The warning signs about Gasper Noé’s new film, Climax, were there early on. Anyone who releases a poster declaring themselves to be a daring provocateur is more likely to rely on obvious shock tactics than subvert expectations in their attempt to try something truly outlandish. And so it proves, with the Argentinian director picking on the easy targets in his latest attempt to shock and revile.
It’s not as if Noé doesn’t have form for it, but you always felt there was a wider context behind the brutal violence in films like Irreversible and Enter The Void. Maybe he hit his own ceiling too early but Climax sees him continue in his overly self-concious attempts to create his very own Salò, now more likely to purposely piss people off rather than put his considerable talent to good use.
The set up for Climax couldn’t be more straight forward. Noé introduces us to a group of twenty dancers who are holed up in a quiet retreat preparing for a forthcoming American tour. First seen in their audition tapes being played on an old TV, they each answer questions about their personalities and dance aspirations. Everyone bar Sofia Boutella (an ex-dancer herself) is a non-professional actor, so you don’t expect to see a foot misplaced throughout. With the choreography at least.
Noé then cuts to their rehearsal space and launches into one of the most energetic dance sequences you’ll have seen in quite some time. It’s powerful stuff and throws you right into the heart of the troupe as they writhe and gyrate individually and as a group, the camera fixed firmly in place and their bodies propelled by a euphoric 90s house track. It’s the sort of energy that Noé specialises in capturing on film, and these moments of craft feel ever more frustrating when he serves up what’s to follow.
DJ Daddy (Kiddy Smile) continues to control the beats in the background as the group begin gulping down bowls of LSD-laced sangria. Before the mayhem kicks in we settle into splintered conversations across the room led by Noé’s fluid camera movement. On one side, two men turn into giggling school boys while they brag about sexual targets in the group, while in quieter corners of the room backstabbing gossip sneaks out into the open. It's mostly in your face and quite amusing, but the chatter offers little beyond Noé cutting down masculine and feminine stereotypes.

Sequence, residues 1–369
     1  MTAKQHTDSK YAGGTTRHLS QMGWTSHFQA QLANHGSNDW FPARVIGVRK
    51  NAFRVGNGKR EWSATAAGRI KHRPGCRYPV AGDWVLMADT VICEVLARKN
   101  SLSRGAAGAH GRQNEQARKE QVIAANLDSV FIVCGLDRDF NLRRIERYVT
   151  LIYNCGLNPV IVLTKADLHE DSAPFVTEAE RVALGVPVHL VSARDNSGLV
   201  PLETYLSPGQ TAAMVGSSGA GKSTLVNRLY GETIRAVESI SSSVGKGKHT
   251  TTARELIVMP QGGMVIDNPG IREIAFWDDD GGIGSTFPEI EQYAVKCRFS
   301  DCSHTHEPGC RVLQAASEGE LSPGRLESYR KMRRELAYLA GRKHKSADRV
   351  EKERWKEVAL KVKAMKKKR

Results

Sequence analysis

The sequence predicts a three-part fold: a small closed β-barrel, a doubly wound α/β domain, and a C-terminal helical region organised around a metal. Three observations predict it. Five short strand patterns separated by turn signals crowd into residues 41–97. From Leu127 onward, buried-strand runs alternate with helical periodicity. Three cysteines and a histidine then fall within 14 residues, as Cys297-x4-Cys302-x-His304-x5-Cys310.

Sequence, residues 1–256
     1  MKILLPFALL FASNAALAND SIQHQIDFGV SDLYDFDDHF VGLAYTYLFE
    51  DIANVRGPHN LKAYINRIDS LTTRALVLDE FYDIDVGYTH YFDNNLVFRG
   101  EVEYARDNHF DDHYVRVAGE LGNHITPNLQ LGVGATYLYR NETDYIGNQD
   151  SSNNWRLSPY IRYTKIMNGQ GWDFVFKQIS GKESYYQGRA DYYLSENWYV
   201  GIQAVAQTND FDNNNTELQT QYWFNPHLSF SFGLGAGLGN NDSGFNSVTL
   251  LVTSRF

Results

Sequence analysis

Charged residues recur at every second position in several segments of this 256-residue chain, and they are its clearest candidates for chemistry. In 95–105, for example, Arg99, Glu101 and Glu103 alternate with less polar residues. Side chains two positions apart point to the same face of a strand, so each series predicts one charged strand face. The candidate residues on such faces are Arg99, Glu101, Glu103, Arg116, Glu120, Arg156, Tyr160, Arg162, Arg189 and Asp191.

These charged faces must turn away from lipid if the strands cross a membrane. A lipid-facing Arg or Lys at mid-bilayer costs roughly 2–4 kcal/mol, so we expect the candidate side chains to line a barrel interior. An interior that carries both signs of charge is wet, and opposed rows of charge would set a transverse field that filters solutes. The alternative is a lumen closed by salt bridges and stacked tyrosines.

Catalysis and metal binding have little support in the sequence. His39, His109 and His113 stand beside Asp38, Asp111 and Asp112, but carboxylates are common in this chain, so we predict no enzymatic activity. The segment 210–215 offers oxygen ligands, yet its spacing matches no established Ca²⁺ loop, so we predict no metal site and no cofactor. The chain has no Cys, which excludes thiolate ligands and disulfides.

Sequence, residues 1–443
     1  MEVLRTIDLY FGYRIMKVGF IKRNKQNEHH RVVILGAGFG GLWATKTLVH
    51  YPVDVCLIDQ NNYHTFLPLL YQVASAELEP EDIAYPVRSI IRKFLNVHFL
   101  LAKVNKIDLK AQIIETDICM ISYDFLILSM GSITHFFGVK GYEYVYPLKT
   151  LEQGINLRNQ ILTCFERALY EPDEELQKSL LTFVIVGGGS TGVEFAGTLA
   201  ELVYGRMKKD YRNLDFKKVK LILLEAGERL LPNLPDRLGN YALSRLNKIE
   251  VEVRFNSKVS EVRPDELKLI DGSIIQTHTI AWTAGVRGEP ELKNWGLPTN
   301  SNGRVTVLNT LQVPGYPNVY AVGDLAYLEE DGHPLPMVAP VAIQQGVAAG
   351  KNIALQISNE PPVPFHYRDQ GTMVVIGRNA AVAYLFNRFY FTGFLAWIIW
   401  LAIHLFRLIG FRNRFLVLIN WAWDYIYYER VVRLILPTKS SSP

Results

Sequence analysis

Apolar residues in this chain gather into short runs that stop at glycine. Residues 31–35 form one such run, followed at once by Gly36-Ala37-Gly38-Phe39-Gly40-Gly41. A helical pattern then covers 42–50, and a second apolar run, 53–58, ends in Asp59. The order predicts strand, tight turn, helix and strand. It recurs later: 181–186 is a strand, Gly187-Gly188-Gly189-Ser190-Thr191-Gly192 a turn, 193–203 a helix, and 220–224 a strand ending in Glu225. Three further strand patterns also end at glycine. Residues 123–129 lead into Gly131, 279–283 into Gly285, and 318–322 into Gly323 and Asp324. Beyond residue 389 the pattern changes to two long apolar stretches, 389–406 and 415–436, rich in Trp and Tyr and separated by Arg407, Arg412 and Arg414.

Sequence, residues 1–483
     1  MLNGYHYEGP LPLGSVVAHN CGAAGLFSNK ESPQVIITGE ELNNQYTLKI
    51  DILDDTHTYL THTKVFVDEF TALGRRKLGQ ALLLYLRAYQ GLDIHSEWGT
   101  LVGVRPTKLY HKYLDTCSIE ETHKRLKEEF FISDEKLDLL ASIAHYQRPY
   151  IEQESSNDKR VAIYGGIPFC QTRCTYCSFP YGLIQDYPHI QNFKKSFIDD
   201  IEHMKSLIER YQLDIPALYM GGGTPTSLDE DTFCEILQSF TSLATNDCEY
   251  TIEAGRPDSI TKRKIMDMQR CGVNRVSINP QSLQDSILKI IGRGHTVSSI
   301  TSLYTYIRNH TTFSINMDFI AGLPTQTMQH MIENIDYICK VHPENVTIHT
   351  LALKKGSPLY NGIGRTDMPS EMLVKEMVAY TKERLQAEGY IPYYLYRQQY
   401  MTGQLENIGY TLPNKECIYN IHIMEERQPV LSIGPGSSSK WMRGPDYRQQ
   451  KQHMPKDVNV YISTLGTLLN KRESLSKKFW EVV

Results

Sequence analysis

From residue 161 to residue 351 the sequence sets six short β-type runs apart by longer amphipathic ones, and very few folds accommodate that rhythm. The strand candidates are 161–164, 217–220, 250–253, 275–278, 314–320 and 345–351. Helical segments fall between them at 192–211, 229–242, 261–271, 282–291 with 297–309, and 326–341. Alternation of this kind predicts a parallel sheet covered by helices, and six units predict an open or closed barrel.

Developed at this level Climax could’ve used the condensed space to project these ideas out into something more intoxicating. Instead, Noé is more interested in the easy - and unbelievable - moments of ‘shock’ that never feel genuine in how they are used in the narrative. Once the LSD kicks in it gives the green light for Noé to let loose on the dancers. And yet still it doesn’t feel as chaotic as the premise suggests it may be. There are so many forced sequences undercutting the intensity you end up sitting back detached and clock watching.
The idea is to let us drown in the depravity of these people who are let loose of their inhibitions to indulge in their base instincts - something something humankind. That sort of thing. The truth is it is terribly boring and nowhere near as horrifying as Noé believes it to be. The irony being the film was largely embraced by the critical inner circle at Cannes, instantly undermining his need to exist as some sort of enigmatic filmmaking outcast.
There are moments when the skill and verve of Noé’s talent does make itself known. There are few people in modern cinema who manoeuvre the camera quite as bodly as the Argentinian director and through it he frequently challenges storytelling rules. His visual flair peaks in a sequence midway through the film when a house beat blares at full volume and he slams a series of stylised logos into our faces. It’s cool, structurally daring and cheekily funny. If only Noé wasn’t so obsessed with trying to prove how outrageous he is, we might actually get to see how outrageous he really can be.